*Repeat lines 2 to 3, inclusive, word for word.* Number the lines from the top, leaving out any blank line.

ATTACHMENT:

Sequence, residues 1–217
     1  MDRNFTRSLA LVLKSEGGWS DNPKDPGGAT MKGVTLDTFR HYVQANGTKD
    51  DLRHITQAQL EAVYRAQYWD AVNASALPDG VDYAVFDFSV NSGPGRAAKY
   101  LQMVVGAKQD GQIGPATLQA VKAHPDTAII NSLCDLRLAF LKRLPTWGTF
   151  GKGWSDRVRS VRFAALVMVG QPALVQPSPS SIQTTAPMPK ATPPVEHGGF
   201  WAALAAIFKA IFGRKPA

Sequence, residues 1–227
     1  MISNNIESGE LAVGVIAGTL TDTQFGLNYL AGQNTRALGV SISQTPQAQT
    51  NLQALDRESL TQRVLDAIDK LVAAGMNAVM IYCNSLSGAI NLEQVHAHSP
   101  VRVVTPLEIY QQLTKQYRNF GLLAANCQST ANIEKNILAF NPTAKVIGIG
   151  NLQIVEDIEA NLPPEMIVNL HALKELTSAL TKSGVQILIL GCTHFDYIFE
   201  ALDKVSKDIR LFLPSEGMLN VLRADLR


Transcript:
     1  MDRNFTRSLA LVLKSEGGWS DNPKDPGGAT MKGVTLDTFR HYVQANGTKD
    51  DLRHITQAQL EAVYRAQYWD AVNASALPDG VDYAVFDFSV NSGPGRAAKY